The submission did highlight, however, matters that fall under the remit of Marine Orders Pt. 43 in respect of some of the conditions under which these ships operate in and out of Australia. MO43 is administered by the Australian Maritime Safety Authority, an agency far less compromised than DAFF, and Stop Tasmanian Animal Cruelty has cross-referenced MO43 with the issues raised by Dr Simpson and filed a complaint with AMSA which is now being investigated.

DAFF is ‘investigating’ a number of complaints going back to August 2012 and even further. How can we forget the horrors the Australian sheep, rejected by Bahrain, and transported to Pakistan endured, shown in the

‘Four Corners program ‘Another Bloody Business’ last November?

http://www.abc.net.au/4corners/stories/2012/11/02/3623727.htm

Lyn White’s article in The Punch’ here:

http://www.thepunch.com.au/articles/another-bloody-business-live-exports-dead-sheep/

DAFF has yet to conclude its investigation into this carnage, which involved the mass butchery, stabbing to death and burying alive of 22,000 Australian sheep, who were the hapless tragedies of an exporter
(Wellards).

Likewise, Animals Australia filed a complaint with DAFF last August about hundreds of Australian sheep found in a notoriously cruel market in Kuwait, the Al Rai market, which is banned under Australia’s ESCAS all but meaningless regime, and Animals Australia filed a second complaint months later on the same violation, yet DAFF has done nothing.

The film footage from the brutal Israeli slaughterhouse last December, again exposed in Australia by the ABC was dismissed, because the animals shown were exported prior to the ESCAS regime being implemented in that country. The film showed animals being thrown and dragged, and electric shock devices used on eyes, faces, genital and anal areas of the animals, and a cow with a broken leg being dragged to slaughter with a forklift. Likewise, dairy and breeding animals dying in their hundreds in Qatar was dismissed on the basis of a lack of evidence – and the fact that ESCAS does not cover breeding and dairy animals. A further complaint about appalling slaughter conditions in Indonesia was also dismissed by DAFF.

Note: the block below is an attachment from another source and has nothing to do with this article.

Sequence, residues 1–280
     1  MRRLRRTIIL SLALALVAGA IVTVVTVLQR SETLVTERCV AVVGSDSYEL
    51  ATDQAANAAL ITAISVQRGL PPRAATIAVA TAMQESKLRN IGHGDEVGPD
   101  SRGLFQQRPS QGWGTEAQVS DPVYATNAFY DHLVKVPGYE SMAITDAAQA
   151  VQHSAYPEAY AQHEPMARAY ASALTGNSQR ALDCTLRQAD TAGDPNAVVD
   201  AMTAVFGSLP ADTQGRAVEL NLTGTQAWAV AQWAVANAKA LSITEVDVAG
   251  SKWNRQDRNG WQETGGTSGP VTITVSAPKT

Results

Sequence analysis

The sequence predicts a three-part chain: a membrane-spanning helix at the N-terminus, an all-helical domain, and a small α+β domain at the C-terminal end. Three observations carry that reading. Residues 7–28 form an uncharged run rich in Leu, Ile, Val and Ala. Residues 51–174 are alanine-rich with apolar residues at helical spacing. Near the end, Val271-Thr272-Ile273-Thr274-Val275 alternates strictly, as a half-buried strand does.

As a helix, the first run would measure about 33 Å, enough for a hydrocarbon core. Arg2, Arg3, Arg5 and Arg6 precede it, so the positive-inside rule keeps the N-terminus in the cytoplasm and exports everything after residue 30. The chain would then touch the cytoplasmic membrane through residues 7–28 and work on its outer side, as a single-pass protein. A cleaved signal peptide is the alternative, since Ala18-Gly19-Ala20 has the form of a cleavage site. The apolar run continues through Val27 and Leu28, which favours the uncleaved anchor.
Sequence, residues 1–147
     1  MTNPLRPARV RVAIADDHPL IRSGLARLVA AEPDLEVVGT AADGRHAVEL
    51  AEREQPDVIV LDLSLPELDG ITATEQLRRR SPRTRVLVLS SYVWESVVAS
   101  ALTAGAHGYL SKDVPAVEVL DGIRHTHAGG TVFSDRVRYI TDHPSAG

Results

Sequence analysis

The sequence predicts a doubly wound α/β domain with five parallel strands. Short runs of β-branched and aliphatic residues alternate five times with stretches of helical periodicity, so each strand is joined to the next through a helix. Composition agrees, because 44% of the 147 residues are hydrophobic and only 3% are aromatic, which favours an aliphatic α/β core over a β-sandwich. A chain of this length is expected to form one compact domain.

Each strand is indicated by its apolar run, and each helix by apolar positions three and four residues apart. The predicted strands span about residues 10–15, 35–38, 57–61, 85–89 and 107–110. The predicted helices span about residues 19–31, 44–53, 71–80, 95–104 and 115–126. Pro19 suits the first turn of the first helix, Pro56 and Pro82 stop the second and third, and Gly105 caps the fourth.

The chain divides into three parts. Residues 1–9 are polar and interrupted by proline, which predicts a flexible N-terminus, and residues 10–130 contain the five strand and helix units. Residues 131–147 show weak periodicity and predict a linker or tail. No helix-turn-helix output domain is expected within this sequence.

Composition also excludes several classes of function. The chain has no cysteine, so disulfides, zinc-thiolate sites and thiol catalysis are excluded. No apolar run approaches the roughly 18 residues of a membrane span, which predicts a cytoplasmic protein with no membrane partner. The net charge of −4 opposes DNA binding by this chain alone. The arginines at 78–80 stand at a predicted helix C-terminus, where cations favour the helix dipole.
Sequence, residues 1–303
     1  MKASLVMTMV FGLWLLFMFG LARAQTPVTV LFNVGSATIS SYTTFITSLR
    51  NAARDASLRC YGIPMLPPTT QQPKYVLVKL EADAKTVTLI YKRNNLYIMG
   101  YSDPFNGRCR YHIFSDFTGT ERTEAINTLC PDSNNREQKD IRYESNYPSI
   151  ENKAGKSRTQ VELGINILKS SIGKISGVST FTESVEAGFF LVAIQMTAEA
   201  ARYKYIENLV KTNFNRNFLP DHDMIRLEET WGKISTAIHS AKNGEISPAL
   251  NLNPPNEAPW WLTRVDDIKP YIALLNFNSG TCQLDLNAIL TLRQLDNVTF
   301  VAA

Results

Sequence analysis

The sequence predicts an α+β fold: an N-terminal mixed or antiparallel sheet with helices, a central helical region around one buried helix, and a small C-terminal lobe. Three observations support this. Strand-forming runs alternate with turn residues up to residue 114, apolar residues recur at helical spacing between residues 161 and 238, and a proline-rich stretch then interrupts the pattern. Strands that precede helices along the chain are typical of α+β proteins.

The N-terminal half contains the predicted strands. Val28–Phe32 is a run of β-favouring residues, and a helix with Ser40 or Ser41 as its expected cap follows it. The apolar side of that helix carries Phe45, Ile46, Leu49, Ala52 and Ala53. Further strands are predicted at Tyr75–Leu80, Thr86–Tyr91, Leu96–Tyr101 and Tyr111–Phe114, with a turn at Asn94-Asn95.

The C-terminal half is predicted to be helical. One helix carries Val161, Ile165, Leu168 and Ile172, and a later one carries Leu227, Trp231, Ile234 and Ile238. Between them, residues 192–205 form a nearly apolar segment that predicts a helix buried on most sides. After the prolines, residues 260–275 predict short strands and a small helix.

The Exporter Supply Chain Assurance Scheme (ESCAS) has been progressively implemented by the Federal government since Four Corners exposed the shockingly brutal treatment of Australian cattle in Indonesia in May 2011, and even the Deputy Secretary of DAFF freely admits that the disasters and horrendous cruelty we have seen so much of can happen at any time, in any of the markets to which Australia sends live animals.

Inexplicably, both the major political parties are vocal in their support of this trade in wretched animal misery. The coalition favours the trade even more than the Gillard government, so be careful what you wish for when you cast your vote in September. Deputy Liberal leader Julie Bishop habitually describes the all-too-short ban on the cattle trade to Indonesia as a ‘debacle’, tacitly saying that, rather than offending the

Indonesians, Australia should have just let the shocking and savage abuse continue unabated. Tony Abbott just reiterates the vastly inflated number of jobs that this trade ‘supports’, with no regard for the number of jobs it has cost in Australia, estimated to be 40,000 direct meat workers jobs, on top of the satellite industries which depended upon meat processing in the regional communities. Labor backbencher Kelvin Thomson, once a vocal critic of the trade, was silenced by a promotion within the Gillard government, showing that political self-interest trumps morality every time. In Tasmania, Dick Adams claims to be against this trade but does as little about it as he does about anything else. Julie Collins, showing that she cannot form an individual opinion about anything, supports anything her leaders tell her to. Andrew Wilkie, in stark contrast, is a powerful advocate for the animals, so Denison voters are more fortunate that the rest of us.

If the evidence we have seen from so many countries is not enough for them, as well as this evidence of the dreadful shipboard suffering has now been exposed as well, what will it take? It is time to reconsider how we vote. Independents, providing that they have not signed backroom deals with the major parties, are not compromised by party allegiances and are more likely to represent you properly in the Parliament. Greens Senator Lee Rhiannon has worked very hard on this issue, one that is so close to the hearts of so many of us. Please make your vote count. 

No ban, no vote … get the animals off the boats!

Suzanne Cass, Stop Tasmanian Animal Cruelty MR. First published Friday March 29
Suzanne Cass

Stop Tasmanian Animal Cruelty
« Last Edit: September 15, 2013, 07:39:19 PM by WA Export News »